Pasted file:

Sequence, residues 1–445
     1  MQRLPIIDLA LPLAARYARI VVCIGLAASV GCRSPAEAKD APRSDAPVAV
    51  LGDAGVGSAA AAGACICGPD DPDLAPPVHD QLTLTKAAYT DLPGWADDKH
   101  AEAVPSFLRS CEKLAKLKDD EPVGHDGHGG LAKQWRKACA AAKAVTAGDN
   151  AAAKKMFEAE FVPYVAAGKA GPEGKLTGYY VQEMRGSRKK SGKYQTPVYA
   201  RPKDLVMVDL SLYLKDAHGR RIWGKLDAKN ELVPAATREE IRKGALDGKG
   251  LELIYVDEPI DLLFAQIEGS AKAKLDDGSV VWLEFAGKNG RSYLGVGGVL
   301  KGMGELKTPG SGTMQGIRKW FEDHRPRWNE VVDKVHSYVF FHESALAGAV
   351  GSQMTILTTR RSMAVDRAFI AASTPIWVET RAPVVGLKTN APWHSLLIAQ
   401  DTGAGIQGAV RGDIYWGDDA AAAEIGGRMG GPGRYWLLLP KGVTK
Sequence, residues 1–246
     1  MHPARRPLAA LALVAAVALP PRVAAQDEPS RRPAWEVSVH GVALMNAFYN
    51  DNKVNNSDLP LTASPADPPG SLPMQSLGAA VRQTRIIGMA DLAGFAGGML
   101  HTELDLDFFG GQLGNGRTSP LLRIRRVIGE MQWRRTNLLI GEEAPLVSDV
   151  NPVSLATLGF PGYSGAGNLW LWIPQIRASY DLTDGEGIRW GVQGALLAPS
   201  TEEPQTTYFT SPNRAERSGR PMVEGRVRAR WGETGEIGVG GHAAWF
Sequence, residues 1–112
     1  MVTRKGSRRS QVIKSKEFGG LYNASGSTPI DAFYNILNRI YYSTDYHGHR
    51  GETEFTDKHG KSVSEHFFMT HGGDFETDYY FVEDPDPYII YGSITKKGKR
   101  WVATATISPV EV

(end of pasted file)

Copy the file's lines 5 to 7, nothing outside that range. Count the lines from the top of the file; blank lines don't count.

   151  AAAKKMFEAE FVPYVAAGKA GPEGKLTGYY VQEMRGSRKK SGKYQTPVYA
   201  RPKDLVMVDL SLYLKDAHGR RIWGKLDAKN ELVPAATREE IRKGALDGKG
   251  LELIYVDEPI DLLFAQIEGS AKAKLDDGSV VWLEFAGKNG RSYLGVGGVL